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EEOC Informal Discussion Letter

The U.S. Equal Employment Opportunity Commission

This document was rescinded in December 2019 as part of EEOC's effort to provide guidance and information that is current, accurate, and clear.

EEOC Office of Legal Counsel staff members wrote the following informal discussion letter in response to an inquiry from a member of the public. This letter is intended to provide an informal discussion of the noted issue and does not constitute an official opinion of the Commission.

ADEA: Retiree Health

December 16, 2004


Your October 28, 2004 letter to the Philadelphia District Office was forwarded to this office for response. You ask whether it is legal and consistent with EEOC policy for an employer to use "Medicare carve-out" health plans for current employees.

EEOC enforces the Age Discrimination in Employment Act (ADEA), 29 U.S.C. § 621, et seq., which prohibits age discrimination against persons age 40 and older in any portion of the employment relationship, including employee benefits. As you note, EEOC regulations, at 29 C.F.R. § 1625.10(e), provide that, "it is not necessary for an employer to provide health benefits which are otherwise provided to certain employees by Medicare." In other words, so long as older employees receive the same benefits as younger employees, it does not matter for ADEA purposes whether some of those benefits are provided by Medicare.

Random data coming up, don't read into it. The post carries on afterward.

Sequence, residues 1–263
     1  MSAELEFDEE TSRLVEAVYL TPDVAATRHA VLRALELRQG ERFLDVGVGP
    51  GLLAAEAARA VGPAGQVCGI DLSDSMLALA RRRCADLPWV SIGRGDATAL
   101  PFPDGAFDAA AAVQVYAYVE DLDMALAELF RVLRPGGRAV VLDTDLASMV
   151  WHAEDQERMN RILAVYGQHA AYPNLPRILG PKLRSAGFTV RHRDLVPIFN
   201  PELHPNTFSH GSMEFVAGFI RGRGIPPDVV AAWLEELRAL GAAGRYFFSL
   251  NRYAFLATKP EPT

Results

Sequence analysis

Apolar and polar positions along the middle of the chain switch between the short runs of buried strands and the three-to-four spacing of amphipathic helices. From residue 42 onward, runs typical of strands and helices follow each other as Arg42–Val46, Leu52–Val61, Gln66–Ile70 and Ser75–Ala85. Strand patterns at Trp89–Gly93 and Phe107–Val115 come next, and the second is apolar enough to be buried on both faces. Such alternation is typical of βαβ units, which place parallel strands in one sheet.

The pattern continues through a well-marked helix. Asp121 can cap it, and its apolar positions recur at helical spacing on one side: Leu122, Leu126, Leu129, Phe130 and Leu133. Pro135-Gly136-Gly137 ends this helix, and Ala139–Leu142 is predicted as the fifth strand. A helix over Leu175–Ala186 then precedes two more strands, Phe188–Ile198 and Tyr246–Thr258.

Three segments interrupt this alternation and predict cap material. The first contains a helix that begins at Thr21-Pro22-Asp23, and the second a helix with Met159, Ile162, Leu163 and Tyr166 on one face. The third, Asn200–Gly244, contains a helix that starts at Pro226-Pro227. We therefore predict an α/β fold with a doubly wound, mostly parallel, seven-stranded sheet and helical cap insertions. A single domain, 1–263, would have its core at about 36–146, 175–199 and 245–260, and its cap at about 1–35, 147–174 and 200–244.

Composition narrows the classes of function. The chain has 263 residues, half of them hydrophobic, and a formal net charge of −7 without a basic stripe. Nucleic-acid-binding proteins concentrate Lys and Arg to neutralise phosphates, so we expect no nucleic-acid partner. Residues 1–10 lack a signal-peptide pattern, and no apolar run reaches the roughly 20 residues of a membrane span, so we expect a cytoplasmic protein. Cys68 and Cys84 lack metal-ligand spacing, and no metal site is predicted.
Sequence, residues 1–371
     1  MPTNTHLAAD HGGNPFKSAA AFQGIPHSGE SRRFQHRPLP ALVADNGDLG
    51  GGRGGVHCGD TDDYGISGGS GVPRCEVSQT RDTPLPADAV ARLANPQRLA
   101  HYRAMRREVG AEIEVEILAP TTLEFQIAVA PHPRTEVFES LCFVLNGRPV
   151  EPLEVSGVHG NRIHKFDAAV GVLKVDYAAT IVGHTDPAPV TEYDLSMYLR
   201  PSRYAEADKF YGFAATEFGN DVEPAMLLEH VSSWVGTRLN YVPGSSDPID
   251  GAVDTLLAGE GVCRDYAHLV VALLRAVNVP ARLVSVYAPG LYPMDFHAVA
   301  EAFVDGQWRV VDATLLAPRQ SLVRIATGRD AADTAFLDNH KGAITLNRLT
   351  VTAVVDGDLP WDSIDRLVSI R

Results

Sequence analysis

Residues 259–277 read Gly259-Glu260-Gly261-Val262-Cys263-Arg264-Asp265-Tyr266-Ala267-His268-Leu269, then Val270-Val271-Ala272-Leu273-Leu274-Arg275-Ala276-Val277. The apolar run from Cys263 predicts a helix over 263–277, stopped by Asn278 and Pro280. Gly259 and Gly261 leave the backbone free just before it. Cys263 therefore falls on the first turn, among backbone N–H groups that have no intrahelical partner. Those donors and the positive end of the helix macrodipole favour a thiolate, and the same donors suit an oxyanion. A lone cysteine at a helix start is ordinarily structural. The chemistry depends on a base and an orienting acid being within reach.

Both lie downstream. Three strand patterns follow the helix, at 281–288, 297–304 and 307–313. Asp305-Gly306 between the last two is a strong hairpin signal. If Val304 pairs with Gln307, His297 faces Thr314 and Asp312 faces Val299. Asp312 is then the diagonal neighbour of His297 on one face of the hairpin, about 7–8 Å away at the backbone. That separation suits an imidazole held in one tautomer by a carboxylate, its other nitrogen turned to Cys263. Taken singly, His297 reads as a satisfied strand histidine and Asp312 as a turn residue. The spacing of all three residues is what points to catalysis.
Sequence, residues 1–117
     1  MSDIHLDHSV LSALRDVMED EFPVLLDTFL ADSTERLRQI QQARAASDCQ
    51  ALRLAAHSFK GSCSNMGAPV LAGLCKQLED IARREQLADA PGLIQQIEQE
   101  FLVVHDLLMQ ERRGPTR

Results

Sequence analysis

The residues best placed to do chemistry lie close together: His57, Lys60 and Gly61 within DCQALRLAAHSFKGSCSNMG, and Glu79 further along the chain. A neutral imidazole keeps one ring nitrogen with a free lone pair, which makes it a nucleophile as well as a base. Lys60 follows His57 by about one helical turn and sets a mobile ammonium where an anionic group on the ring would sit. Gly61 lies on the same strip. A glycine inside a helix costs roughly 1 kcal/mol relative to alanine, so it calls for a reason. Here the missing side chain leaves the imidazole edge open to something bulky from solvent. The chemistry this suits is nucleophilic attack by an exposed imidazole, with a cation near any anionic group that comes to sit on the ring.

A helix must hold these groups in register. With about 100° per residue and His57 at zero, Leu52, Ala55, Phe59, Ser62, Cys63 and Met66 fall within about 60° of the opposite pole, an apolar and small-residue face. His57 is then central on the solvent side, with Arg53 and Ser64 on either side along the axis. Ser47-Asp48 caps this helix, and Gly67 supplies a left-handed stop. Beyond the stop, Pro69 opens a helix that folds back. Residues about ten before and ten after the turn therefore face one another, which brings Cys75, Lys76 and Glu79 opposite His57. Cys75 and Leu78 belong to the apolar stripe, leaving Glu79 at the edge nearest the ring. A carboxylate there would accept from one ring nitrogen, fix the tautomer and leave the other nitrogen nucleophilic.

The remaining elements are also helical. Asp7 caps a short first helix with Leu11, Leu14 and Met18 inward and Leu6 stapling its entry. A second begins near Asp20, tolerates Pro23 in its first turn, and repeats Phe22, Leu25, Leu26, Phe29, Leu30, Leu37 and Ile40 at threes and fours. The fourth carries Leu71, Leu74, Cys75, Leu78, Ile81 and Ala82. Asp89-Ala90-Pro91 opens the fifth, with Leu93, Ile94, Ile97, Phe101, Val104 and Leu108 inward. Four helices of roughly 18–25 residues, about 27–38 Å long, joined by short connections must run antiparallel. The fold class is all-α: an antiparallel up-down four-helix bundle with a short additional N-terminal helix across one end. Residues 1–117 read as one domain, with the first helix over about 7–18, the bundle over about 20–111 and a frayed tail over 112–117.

The portion of the Compliance Manual that related to Medicare carve-out plans and that was rescinded applies only to retiree health benefits -- not employer-provided health benefits for employees. On April 22, 2004, the Commission voted to approve a final rule that would permit employers to provide different benefits to retirees depending upon whether they were eligible for Medicare. It is available on our web site at, but cannot be considered final until it is reviewed by the Office of Management and Budget and printed in the Federal Register. Most importantly, like the rescinded Compliance Manual section, the proposed final rule does not apply to the health benefits of employees.

Although Medicare carve-out plans that provide equal benefits to employees do not violate the ADEA, the practice of using Medicare as a primary insurer may violate Medicare law. The Department of Health and Human Services, Center for Medicare and Medicaid Services (CMS) now regulates this matter, and should be contacted directly if you seek further information with respect to the legality of using Medicare carve-out plans for current employees who are Medicare-eligible. Their mailing address is:

Center for Medicare and Medicaid Services
7500 Security Boulevard
Baltimore, MD 21244-180

We hope that the above information has been helpful. Note, however, that it does not constitute an official opinion of the Equal Employment Opportunity Commission within the meaning of the ADEA.


Raymond L. Peeler
Senior Attorney-Advisor

This page was last modified on December 18, 2019.